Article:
The lifestyle of the Lenape changed forever upon contact with Europeans. One source of change was the European appetite for furs in making robes, coats, hats and gloves. Dutch, Swedish and English explorers and traders exchanged items of metal, glass and cloth and trinkets of all kinds for pelts or animals like beaver and otter caught by the Lenape.
Furs and hides were widely used by the Lenape for clothing and as a covering for dwellings, but they held little social or economic value in their traditional culture. The Lenape saw little risk in trading such common materials for exotic European goods. The best furs were derived from animals in the Appalachians where the climate was colder than in the Middle and Lower Delaware Valley.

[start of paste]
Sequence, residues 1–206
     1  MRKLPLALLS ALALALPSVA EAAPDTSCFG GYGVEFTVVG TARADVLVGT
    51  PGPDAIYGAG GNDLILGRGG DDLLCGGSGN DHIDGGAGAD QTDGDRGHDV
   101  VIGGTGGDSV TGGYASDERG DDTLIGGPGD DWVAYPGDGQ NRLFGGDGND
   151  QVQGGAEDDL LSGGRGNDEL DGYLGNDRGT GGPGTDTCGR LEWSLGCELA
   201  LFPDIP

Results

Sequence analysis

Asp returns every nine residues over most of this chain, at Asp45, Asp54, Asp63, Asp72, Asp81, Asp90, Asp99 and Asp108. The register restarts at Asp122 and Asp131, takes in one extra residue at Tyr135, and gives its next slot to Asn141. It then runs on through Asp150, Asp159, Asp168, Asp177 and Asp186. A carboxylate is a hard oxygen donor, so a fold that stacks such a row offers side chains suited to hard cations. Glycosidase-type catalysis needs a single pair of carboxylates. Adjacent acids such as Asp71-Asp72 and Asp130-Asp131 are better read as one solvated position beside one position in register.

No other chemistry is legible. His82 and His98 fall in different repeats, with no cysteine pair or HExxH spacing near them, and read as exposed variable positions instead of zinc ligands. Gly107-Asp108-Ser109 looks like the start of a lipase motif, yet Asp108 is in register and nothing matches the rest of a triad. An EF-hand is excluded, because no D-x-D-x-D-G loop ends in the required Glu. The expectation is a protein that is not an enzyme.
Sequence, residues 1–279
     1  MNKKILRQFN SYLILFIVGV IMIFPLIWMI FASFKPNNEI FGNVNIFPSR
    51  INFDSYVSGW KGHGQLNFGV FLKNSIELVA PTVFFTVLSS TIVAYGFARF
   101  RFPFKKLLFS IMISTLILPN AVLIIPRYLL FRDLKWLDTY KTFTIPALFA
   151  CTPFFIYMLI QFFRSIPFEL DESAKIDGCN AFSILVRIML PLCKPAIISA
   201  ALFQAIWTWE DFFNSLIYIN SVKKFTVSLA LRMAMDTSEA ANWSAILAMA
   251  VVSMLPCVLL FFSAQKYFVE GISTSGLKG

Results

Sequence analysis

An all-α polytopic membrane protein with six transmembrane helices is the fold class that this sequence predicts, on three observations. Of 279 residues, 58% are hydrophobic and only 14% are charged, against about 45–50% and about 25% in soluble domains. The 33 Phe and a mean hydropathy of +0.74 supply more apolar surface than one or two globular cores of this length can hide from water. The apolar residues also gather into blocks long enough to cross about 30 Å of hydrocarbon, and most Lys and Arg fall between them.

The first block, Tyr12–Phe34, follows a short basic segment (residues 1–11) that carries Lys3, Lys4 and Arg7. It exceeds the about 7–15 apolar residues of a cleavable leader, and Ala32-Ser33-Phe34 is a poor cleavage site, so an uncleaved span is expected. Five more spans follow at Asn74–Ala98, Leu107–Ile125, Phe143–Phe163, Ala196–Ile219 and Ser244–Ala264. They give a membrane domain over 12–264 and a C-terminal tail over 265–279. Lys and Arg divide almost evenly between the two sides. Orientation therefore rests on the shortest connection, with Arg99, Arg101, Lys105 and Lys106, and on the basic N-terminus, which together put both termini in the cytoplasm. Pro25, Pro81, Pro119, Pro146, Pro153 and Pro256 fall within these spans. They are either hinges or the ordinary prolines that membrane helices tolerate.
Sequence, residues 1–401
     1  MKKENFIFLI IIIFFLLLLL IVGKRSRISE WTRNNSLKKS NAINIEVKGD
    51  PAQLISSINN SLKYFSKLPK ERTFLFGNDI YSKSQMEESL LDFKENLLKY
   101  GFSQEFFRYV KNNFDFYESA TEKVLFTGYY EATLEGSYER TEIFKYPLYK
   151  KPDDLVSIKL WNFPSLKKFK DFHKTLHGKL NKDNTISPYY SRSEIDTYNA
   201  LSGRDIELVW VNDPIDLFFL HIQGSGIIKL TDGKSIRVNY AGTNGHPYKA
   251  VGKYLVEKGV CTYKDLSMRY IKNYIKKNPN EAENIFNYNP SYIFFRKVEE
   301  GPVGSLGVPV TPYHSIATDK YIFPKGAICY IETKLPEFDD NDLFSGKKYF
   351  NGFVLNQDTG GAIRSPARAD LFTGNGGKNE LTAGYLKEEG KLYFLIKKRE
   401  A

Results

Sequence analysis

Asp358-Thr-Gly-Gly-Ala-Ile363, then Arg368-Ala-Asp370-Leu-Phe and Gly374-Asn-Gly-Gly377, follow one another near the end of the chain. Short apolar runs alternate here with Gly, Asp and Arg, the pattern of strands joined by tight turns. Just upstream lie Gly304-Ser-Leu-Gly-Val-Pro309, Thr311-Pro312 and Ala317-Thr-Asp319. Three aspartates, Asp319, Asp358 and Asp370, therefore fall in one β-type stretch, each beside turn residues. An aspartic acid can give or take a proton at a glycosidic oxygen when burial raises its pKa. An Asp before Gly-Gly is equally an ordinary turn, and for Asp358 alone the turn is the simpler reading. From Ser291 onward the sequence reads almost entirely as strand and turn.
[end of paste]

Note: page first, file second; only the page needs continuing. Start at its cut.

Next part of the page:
Rivalry among Native American groups led to overexploitation and depletion of fur-bearing animals. The Lenape competed in the fur trade with the Mohawks and Mahicans to the north and the Susquenannocks to the southwest. By 1659 Lenape participation in the fur trade was virtually over, due to a shortage of pelts.
Links to learn more - New Jersey State Museum, Trenton; American Swedish Museum, Philadelphia